I rode an even more conservative warmup for 3-3 because he was a bit tired, but we both felt way more relaxed. He was SO BALANCED in the canter, I just wanted to ride it forever, and when I asked for our practice change, it was so clean, so uphill, so steady... so perfect. And of course it was in warmup lol.
This test was much, much more relaxed. I let him flow under me and pushed us both for bigger steps and better self-carriage. I set him up in the corners and remembered to mostly get out of his way.
Annnnd then we did the changes. I have watched this little gem about 100 times and it still makes me giggle. Late tempis are not needed at third, who knew?
I was SUPER happy with this ride... the test was as mistake-free as I could make it, and except for the changes it felt really solid. I cooled T out and headed over to the show office to pick up my test, and just about screamed when I saw the 67+%!!!!!
Note the NINE on the rein back! We have never gotten anything better than a 4 until this weekend. (not shown: 4s on the changes hahahaha)
Yes please I will take that 7 on the extended trot thankyouverymuch.
Also wonderponies require a lot of ear rubs an groomings
There are a lot of itchy spots, you know.
Hubby and I often use horse shows as a sort of mini weekend getaway, and this weekend was no exception. We spent the afternoon napping and relaxing in our camper (I did giggle gleefully every time I looked at my test), and then opted to get dinner at the on-site restaurant.
It was fancy and absolutely delish, and they didn't even mind our horse clothes.
Sunday dawned cold and rainy, and I was even more glad for the indoors than I was on Saturday. We stuck with our tried-and-true mostly walk warmup, and then did a very uninspired 3-1 for a 61+%. Probably I should be happy for 60+ our first weekend out, but really, we can do better than that. I just get SO tense for the first ride, it really stifles poor T. He can still do all the things, but he really can't do them well if I'm shutting him down every step.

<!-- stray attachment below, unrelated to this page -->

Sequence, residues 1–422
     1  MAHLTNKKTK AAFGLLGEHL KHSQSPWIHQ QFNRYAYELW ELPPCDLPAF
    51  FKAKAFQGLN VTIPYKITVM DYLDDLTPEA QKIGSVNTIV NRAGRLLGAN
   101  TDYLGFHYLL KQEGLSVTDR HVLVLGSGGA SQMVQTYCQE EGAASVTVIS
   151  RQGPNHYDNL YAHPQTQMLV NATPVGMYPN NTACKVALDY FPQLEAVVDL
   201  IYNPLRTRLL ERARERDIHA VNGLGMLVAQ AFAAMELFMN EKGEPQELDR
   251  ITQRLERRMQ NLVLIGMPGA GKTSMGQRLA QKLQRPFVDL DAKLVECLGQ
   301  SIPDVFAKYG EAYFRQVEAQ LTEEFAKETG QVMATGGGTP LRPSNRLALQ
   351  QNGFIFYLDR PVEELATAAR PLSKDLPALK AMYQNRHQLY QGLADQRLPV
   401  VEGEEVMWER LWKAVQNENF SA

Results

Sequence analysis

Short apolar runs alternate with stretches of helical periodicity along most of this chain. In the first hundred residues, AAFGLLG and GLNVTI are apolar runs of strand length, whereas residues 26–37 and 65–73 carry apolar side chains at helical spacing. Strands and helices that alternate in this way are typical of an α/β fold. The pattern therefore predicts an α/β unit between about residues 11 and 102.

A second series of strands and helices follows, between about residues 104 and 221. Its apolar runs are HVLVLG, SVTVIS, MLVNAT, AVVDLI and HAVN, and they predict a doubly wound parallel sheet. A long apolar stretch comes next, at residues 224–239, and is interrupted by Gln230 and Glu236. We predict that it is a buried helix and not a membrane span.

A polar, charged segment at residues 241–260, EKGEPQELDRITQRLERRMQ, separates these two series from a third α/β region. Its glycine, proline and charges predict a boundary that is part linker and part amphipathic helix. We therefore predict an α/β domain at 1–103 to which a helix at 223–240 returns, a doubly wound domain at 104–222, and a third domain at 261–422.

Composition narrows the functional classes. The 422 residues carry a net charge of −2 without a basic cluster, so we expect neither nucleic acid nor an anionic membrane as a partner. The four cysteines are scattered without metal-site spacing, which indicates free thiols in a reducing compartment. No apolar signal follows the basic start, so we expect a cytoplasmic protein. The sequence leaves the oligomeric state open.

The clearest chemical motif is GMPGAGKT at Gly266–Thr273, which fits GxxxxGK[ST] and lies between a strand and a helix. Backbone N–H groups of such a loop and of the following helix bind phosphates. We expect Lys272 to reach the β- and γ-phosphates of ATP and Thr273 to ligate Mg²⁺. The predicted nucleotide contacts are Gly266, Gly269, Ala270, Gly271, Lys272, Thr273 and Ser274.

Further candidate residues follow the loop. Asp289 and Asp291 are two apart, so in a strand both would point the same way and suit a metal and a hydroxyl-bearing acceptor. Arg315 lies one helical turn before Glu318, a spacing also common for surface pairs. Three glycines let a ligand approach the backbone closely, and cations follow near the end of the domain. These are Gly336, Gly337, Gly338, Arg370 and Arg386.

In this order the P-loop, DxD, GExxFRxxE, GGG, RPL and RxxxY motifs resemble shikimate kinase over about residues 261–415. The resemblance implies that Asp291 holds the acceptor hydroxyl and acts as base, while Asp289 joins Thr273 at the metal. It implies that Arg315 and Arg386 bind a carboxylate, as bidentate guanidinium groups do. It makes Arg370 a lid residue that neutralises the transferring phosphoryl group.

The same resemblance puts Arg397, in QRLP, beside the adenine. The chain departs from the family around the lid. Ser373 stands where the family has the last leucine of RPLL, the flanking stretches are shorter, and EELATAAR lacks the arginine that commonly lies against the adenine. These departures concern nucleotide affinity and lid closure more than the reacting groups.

Even with a less-than-satisfactory test, we'd set out to do what I'd hoped to: gotten our bronze medal scores and qualified to ride a third-level freestyle. I was super tempted to scratch our second test since I knew we'd both be tired, but I really wanted to redeem ourselves after another crap first test. Our last test was obedient but kinda flat. We were both tired, and no amount of fancy footing was going to fix that. We held it together and put in a mistake-free test for a 64+% under a much tougher judge, and I was super happy with that. Plus that got us a second qualifying score for regionals - not that we'll necessarily go, but we have it.
I think this is what they mean when they comment "croup high"? BWAHAHAHAHA
Funny story about the drive home... I was on a little backroad about 5 minutes from the barn, when i noticed a little red slow-down spot on my map. There was literally nobody else on the road, so I wondered what it was...
Not sure if you can see it, but there's a combine driving in my lane. The guy was texting on his phone and apparently Maps was tracking him going slow enough that its algorithm determined there was a traffic jam of some sort.
So Taran is officially a third level horse and a USDF bronze-medal-winning wonderpony. It's been a long year to get to this point, but I feel like we did it right and we are a solid team. As always, there is so much to work on, but every ride gets better and I'm starting to feel true self-carriage and unlock so many amazing things. We may not be the fanciest thing out there, but nobody tries harder or has a bigger heart than Taran. He's truly the Wonderpony!